A Terminal High Altitude Area Defense (THAAD) interceptor is being launched from Meck Island during a test in 2012
North Korea weighed in on Thursday on the proposed deployment of a US missile defence system in South Korea, criticising it as a Cold War-era move to "contain" China and Russia.
The North Korean response appeared aimed at exploiting tensions between Washington, Beijing, Moscow and Seoul over the Terminal High-Altitude Area Defence (THAAD) system.
The United States insists THAAD is a deterrent necessitated by the North's advancing ballistic missile programme, while China and Russia argue that it would undermine stability and could trigger an arms race in a delicately balanced region.
The debate has left South Korea in a difficult position, as it seeks to balance the strategic priorities of its main military ally, the United States, against those of its biggest trade partner, China.
In a statement Thursday, the North Korean foreign ministry notably focused more on the idea of THAAD as a regional issue, rather than a direct threat to Pyongyang.
"What the US seeks in this deployment is to... create favourable conditions for containing China and Russia, its strategic rivals, pursuant to its strategy for dominating the world," the spokesman was quoted as saying by the official KCNA news agency.
The THAAD deployment would "establish a new Cold War structure in Northeast Asia and the peninsula will be again exposed to the danger of being reduced to the theatre of a war of big powers," he added.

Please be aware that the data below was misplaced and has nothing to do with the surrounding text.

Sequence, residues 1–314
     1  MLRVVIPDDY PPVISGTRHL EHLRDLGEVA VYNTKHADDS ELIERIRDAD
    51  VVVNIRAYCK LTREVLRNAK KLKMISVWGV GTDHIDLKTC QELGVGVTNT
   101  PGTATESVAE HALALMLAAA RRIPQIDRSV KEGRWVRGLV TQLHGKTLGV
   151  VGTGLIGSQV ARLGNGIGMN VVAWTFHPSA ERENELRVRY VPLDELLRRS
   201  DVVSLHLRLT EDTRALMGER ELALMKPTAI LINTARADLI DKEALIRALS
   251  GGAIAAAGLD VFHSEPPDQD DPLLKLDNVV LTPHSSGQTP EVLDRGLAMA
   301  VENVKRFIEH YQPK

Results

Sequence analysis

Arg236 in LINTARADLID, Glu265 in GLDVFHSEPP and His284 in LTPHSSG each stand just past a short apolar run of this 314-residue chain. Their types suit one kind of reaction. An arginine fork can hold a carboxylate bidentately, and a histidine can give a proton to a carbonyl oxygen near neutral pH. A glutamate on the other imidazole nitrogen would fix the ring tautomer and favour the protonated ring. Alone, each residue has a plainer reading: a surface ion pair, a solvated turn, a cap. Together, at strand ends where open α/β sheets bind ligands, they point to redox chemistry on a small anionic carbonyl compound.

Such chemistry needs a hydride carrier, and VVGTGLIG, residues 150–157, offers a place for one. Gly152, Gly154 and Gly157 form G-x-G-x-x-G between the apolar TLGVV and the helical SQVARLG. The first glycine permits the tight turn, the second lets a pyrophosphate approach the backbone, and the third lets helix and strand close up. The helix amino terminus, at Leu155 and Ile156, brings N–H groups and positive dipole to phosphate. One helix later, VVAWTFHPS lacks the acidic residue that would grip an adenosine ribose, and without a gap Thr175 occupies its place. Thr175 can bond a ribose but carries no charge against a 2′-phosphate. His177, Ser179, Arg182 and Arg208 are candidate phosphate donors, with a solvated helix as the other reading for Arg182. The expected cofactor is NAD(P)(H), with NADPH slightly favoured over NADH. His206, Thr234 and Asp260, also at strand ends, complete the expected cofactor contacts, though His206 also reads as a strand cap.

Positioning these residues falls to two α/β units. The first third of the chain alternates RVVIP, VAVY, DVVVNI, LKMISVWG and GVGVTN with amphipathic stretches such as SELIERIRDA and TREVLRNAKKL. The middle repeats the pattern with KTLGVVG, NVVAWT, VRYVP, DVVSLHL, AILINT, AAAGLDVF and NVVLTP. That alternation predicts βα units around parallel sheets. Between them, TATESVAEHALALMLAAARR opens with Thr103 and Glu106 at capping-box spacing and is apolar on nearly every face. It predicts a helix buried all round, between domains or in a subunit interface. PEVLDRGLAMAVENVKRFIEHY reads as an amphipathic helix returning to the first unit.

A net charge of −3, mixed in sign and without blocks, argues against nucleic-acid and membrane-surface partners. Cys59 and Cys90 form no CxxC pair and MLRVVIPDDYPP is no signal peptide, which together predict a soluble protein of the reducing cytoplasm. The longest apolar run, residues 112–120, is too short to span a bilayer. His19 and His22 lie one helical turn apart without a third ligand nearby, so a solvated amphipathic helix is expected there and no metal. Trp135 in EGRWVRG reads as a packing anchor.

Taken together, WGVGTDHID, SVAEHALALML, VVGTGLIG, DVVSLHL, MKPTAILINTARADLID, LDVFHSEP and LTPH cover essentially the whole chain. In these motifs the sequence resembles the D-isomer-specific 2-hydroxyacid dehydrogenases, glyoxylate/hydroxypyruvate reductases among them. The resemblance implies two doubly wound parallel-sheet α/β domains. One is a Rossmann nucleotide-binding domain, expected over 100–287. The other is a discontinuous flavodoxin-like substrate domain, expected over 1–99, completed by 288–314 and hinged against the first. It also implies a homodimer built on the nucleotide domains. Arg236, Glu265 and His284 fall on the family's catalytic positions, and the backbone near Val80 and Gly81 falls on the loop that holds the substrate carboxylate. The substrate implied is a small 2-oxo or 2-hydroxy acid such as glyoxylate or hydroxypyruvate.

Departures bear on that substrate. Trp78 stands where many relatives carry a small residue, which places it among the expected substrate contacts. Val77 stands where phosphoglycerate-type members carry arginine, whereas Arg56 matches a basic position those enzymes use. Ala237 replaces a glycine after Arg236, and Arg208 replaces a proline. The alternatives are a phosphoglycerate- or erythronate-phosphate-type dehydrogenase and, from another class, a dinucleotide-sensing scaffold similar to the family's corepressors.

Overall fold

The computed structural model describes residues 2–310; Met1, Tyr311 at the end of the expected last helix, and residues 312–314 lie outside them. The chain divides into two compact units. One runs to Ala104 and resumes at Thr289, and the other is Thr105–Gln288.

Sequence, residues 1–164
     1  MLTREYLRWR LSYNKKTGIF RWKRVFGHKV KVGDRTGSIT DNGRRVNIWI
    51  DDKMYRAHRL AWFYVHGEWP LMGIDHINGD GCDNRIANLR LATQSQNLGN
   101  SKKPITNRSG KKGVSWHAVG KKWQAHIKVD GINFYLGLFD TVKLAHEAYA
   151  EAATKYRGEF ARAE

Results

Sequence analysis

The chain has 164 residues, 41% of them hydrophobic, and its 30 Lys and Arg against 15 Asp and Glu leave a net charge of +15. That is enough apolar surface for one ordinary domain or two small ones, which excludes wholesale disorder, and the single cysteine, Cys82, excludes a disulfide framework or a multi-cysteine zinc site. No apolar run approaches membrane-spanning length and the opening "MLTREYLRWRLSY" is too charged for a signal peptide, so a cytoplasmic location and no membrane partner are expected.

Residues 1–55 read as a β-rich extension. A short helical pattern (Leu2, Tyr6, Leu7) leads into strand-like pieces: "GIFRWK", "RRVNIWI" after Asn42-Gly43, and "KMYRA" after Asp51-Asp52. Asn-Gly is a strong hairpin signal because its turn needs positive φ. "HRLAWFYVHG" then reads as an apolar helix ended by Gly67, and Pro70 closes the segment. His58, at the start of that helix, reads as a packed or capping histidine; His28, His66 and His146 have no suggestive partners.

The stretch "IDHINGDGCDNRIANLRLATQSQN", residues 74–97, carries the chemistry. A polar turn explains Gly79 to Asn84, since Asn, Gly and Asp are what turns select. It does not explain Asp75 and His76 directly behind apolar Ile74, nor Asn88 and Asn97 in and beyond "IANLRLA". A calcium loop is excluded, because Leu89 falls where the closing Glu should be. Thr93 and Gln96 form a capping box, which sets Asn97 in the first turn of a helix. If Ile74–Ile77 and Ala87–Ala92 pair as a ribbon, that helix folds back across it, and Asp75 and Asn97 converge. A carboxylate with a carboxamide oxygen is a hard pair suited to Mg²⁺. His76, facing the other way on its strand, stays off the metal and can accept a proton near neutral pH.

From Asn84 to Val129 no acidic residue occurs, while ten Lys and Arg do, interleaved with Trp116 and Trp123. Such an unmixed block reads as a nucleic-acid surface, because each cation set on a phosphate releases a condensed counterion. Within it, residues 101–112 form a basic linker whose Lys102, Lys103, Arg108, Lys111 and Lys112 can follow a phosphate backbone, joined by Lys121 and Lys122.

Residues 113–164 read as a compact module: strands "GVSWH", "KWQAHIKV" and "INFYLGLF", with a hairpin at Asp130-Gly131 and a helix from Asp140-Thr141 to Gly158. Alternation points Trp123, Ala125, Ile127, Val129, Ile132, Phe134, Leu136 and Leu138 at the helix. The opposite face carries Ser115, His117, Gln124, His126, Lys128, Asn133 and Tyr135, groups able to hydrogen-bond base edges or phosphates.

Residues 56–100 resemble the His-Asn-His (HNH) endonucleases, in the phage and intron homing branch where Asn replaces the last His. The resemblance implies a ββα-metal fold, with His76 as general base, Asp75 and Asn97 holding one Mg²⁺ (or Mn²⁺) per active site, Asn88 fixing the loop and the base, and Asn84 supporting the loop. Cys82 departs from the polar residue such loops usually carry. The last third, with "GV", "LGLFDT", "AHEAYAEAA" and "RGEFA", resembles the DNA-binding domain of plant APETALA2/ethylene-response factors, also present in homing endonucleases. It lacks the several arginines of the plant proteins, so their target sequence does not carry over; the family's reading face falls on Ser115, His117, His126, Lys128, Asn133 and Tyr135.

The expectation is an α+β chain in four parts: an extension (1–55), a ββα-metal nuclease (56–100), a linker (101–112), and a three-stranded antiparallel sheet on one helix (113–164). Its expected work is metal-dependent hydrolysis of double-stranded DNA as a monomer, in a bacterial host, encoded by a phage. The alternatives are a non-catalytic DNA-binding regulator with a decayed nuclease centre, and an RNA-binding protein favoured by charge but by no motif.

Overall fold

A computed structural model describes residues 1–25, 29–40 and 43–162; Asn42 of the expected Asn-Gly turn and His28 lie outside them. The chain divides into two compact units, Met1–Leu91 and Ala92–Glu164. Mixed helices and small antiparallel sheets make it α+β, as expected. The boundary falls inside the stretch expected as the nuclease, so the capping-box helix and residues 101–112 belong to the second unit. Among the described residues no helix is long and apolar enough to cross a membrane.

South Korea has yet to formally decide whether to host the missile system, although the US military has conducted an "informal" survey of suitable sites.
The issue is likely to be raised during the visit of the chairman of the US Joint Chiefs of Staff, General Martin Dempsey, who arrived in Seoul on Thursday.
Russia has joined China in opposing the THAAD deployment, warning earlier this week that it would have a "destructive influence" on international security.
China and Russia are isolated North Korea's only significant diplomatic protectors, although both have signalled growing impatience with Pyongyang's refusal to rein in its nuclear weapons programme.
South Korean President Park Geun-Hye called on the North to abandon its nuclear weapons in a speech Thursday to mark the fifth anniversary of the sinking of the naval vessel Cheonan.
Seoul says the corvette was sunk in 2010 by a North Korean torpedo -- a charge Pyongyang has always denied.
In her address, Park said the South would boost its deterrent capabilities "to ensure that things like the attack on Cheonan will never happen again".
Earlier, KCNA published a report alleging that the Cheonan sinking had been engineered by the United States to cover up its efforts to salvage a US submarine that sank while on operational duties near the North Korean border.